Does BTS Have a Member From North Korea? Some North Koreans Used to Think So, Defectors Say
Many people are probably aware that BTS is made up of members who were born and raised in South Korea. They came from different parts of the country, but BTS was eventually formed in the capital city of Seoul.
However, when BTS first began, some people from North Korea apparently believed that the group had a member from the Hermit Kingdom.
K-pop has been getting popular in North Korea
North Korea is known for being isolated from the rest of the world. According to the BBC, most people in the country surf the internet using an internal North Korean intranet, which restricts the kinds of content they can access.
However, K-pop, American films, and other pop culture items from all over the world still find their way into North Korea nonetheless—often illegally. In a new video posted by South Korean Youtube channel AYO, two North Korean defectors talk about K-pop’s popularity in their home country. The two agree that it’s common for North Koreans to listen to K-pop, even if it’s not allowed. Many North Koreans have cell phones as well as clever ways to hide their CD collections.
Park Yoo-Sung reveals that North Koreans often wore earmuffs in the winter, and they can easy hide earpieces underneath to listen to K-pop.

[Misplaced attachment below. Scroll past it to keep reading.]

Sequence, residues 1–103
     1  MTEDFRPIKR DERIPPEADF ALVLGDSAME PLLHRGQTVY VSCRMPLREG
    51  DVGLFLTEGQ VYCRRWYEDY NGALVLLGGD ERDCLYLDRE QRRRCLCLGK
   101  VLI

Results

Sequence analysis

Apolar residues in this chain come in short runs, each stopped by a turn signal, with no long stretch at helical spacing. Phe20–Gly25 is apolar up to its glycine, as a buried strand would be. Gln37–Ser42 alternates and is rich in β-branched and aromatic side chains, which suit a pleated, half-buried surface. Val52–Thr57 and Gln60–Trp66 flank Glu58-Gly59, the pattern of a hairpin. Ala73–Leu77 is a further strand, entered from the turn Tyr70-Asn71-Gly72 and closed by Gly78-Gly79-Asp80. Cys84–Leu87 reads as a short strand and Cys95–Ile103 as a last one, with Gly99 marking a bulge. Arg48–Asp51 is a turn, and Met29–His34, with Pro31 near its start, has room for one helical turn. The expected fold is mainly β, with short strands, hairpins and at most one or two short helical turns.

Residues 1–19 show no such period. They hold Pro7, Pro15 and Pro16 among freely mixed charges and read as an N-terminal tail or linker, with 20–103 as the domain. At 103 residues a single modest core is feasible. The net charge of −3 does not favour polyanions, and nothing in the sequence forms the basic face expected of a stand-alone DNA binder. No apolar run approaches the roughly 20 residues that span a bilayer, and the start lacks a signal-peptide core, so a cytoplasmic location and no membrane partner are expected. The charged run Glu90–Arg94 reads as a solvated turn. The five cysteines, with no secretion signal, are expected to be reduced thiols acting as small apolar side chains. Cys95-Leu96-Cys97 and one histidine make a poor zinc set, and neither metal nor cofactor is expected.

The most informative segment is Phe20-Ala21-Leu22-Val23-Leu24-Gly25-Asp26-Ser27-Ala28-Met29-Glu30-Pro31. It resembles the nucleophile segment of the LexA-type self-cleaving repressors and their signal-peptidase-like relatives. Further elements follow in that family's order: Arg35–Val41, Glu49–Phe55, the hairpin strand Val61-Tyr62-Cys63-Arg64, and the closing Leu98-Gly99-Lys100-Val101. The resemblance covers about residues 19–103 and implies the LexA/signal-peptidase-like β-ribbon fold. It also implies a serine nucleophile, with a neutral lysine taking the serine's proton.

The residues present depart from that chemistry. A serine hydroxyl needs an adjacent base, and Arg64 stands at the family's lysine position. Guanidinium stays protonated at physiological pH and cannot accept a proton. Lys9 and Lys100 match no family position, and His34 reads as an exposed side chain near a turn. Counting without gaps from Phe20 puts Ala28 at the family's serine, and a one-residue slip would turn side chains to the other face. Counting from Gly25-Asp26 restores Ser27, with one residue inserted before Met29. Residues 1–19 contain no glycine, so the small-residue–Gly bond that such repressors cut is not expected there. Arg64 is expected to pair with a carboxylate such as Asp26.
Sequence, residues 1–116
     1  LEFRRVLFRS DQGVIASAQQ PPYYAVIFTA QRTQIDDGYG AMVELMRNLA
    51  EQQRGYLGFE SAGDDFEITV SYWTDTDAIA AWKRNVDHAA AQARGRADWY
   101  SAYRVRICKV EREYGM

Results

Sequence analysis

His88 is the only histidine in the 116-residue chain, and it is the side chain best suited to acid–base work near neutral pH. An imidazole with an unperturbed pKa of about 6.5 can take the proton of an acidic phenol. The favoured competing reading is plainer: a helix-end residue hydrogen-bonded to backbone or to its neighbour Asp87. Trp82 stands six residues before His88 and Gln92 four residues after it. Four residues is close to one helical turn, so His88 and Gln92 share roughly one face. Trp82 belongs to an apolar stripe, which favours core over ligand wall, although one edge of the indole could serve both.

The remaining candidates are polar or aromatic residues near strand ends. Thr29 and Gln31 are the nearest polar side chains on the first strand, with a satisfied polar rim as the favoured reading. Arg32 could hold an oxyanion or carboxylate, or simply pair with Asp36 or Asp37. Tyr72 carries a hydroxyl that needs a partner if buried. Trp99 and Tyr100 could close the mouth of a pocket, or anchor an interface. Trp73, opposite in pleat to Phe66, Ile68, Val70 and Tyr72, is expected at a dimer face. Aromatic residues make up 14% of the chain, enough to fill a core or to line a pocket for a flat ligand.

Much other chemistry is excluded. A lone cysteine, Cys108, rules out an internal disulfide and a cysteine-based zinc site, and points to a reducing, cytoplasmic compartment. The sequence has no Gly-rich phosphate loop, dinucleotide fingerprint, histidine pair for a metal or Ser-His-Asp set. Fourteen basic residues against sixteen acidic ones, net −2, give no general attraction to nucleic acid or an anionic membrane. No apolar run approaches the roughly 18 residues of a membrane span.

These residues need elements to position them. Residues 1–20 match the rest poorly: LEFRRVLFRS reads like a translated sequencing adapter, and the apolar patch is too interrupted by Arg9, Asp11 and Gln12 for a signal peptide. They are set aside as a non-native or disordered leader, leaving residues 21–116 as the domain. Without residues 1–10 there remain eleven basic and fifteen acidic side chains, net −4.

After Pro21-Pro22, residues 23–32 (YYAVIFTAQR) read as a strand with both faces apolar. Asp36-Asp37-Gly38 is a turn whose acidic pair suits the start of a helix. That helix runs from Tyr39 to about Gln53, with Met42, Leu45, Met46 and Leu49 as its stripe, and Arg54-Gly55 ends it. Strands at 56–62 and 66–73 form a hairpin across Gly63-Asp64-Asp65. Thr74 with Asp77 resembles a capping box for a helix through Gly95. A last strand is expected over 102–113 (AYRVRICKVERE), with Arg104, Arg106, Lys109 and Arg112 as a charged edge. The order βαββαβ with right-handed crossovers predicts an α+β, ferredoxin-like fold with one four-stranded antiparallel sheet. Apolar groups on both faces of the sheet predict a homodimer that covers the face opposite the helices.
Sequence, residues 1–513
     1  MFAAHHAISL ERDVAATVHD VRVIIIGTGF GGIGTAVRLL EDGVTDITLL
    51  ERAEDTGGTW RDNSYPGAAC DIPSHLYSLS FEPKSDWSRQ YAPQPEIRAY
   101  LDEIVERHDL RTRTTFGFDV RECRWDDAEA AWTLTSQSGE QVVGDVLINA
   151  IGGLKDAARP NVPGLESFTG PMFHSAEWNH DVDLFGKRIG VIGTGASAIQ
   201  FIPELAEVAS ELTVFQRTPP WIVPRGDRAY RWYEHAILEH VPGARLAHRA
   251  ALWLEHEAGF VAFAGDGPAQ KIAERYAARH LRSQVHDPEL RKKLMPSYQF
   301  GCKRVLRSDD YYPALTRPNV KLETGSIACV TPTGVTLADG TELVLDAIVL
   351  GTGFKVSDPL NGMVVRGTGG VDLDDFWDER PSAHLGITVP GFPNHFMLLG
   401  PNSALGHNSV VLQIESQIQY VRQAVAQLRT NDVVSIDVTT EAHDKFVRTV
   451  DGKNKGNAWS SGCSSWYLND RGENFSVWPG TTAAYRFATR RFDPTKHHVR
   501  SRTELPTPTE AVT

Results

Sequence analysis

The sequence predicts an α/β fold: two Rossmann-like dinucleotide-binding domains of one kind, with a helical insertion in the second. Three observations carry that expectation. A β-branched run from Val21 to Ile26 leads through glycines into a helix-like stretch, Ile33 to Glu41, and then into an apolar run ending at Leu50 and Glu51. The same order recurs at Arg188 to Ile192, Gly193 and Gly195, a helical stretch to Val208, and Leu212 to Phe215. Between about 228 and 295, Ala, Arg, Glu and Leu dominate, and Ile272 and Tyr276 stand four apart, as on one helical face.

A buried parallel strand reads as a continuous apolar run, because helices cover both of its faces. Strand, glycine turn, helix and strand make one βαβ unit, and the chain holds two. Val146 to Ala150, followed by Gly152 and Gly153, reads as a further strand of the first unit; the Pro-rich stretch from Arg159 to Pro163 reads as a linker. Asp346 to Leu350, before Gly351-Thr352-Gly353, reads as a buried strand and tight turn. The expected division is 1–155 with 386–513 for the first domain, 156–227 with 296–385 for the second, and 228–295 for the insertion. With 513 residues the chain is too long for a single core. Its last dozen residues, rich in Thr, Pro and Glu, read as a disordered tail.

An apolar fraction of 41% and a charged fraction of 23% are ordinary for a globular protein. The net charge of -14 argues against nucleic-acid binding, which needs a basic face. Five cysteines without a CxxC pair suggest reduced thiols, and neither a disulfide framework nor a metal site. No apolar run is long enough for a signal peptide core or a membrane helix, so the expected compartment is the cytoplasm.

Meanwhile, Kang Na-Ra shares that she watched a lot of music videos by popular K-pop artists in North Korea. She even admits that South Korean pop culture was a big reason she decided to leave her country.
Why some North Koreans used to think BTS had a North Korean member
When BTS debuted in 2013, North Korean K-pop fans were aware of the group, and some even believed one member could have been from North Korea.
This was based on the meaning of BTS’s name. In Korean, BTS stands for “Bangtan Sonyeondan,” which means “Bulletproof Boy Scout.” Because North Korea has a strong military culture, BTS’s name seems to tie the group to the country, even if they are not actually from there.
“In North Korea, when BTS first came out, many people said, ‘There must be a member from North Korea. Or the person who produced BTS must be from North Korea,’” Park shares.
Kang also adds, “In North Korea, people say words like ‘bulletproof’ a lot.”
BTS fans in North Korea could face severe punishments if caught supporting the group
While BTS has been getting attention in North Korea, many people do not openly support them the same way fans in other countries might.
Park reveals that being K-pop fan in public could come with severe punishments, saying, “There, you risk your life by geeking out. You could get shot for real.”
Because of this, some people have found ways to get around the government’s restrictions. For example, when talking about BTS, they might refer to the group with a code name like “Bulletproof Backpack.”
In any case, based on what Park and Kang shares, it’s clear that K-pop really can transcend barriers.